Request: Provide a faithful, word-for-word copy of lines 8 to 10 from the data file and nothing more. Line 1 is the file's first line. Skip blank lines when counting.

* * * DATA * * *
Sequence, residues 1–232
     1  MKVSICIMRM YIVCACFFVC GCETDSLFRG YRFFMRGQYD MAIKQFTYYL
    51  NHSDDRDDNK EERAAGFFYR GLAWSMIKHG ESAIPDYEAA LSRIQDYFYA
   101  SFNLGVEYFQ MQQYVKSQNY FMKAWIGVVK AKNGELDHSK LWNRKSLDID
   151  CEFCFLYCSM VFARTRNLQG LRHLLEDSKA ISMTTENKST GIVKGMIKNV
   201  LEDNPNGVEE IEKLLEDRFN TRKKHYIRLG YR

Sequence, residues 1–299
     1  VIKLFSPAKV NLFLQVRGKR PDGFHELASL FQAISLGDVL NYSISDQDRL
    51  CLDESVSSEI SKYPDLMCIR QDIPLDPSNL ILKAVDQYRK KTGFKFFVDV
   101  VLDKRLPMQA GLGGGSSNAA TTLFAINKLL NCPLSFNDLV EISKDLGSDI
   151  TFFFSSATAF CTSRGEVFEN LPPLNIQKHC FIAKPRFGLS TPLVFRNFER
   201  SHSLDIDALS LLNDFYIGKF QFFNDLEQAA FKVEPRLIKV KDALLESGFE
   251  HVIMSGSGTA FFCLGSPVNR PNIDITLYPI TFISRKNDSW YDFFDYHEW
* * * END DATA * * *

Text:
     1  VIKLFSPAKV NLFLQVRGKR PDGFHELASL FQAISLGDVL NYSISDQDRL
    51  CLDESVSSEI SKYPDLMCIR QDIPLDPSNL ILKAVDQYRK KTGFKFFVDV
   101  VLDKRLPMQA GLGGGSSNAA TTLFAINKLL NCPLSFNDLV EISKDLGSDI